ST. PETERSBURG, Fla. — The expiration of the nation’s ban on the sale of assault rifles and the appearance of more heavily armed criminals have pushed more than 100 St. Petersburg police officers to order assault rifles of their own for official duty.
The first group of officers completed the required 16 hours of instruction for using Colt AR-15s in January. The semiautomatic weapons fire bullets that travel up to 2,700 feet per second and are powerful enough to penetrate body armor.
They must be issuing heavy-weight ammo, because the standard 55 grain load for the .223 hums along at closer to 3,000 fps. And as I’ve noted before, the lowly .30-30 deer rifle is “powerful enough to penetrate body armor.” ANY centerfire rifle round is.
“St. Petersburg — it’s not so sleepy any more,” said Tom Jacwin, a 22-year veteran who is getting used to his new weapon. “The bad guys are smarter and better armed.”
Not according to the New York Times, and they’re the “Paper of Record”!
Police Chief Chuck Harmon approved use of the AR-15s last June with guidelines that took months to develop. Officers who want the weapons must buy them for $1,100.
Those must be some tricked-out AR’s. Like the ones the NYPD has with the Aimpoint red-dot sights – mounted backwards.
The rifles may be used only in “a high-risk situation, such as to overcome suspects with superior firepower, in response to an active shooter situation, when confronted by barricaded subjects, during stakeout and perimeter operations, for felony vehicle stops.”
The weapons must be stored in a hard case in the trunk of a patrol car except when being used. They can’t be modified for automatic fire, and officers must qualify with them in the shooting range each year.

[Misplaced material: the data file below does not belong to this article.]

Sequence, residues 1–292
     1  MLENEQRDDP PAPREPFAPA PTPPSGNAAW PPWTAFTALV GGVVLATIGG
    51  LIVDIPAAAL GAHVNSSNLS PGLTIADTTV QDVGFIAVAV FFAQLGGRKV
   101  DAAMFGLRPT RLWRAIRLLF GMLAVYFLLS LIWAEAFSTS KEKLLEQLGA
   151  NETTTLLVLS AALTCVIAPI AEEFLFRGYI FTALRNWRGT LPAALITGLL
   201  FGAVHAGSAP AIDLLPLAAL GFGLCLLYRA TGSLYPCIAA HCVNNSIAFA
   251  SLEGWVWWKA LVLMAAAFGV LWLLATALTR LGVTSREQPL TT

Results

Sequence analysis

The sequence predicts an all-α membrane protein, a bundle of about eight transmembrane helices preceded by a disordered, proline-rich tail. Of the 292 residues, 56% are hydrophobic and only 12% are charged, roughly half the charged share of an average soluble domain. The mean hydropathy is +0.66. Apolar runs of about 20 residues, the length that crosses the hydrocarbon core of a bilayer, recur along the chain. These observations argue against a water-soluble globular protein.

Critics say that the speed and 300-yard range of the bullets pose a threat to bystanders. Advocates say the assault rifles are vastly better than the standard Glock handguns assigned to officers and are more accurate than the pump-action shotguns that the department makes available.
“More heavily armed criminals,” eh? In St. Pete? Are they saying the expiration of the AWB has caused Florida’s criminal culture to up-gun? What makes St. Pete different from the rest of the country?
I’m not buying it.
Given that gun crime has been declining since 1990, and “assault weapon” (mis)useage declined “significantly” during the period of the ban, why would another police force allow its officers to equip with “bullet hoses” that are
designed to provide a specific military combat function. That military function is laying down a high volume of fire over a wide killing zone, also known as “hosing down” an area.
They were designed and developed to meet a specific military goal, which was killing and wounding as many people as possible at relatively short range as quickly as possible, without the need for carefully aimed fire. In short, they are ideal weapons for war, mass killers, drug gangs, and other violent criminals.
Why would a police officer need that kind of firepower?
Unless, of course, the Violence Policy Center was lying to us about what “assault weapons” are really good for?
Nah. Couldn’t be. Lying as a means to achieve an unpopular end? Who’d believe that?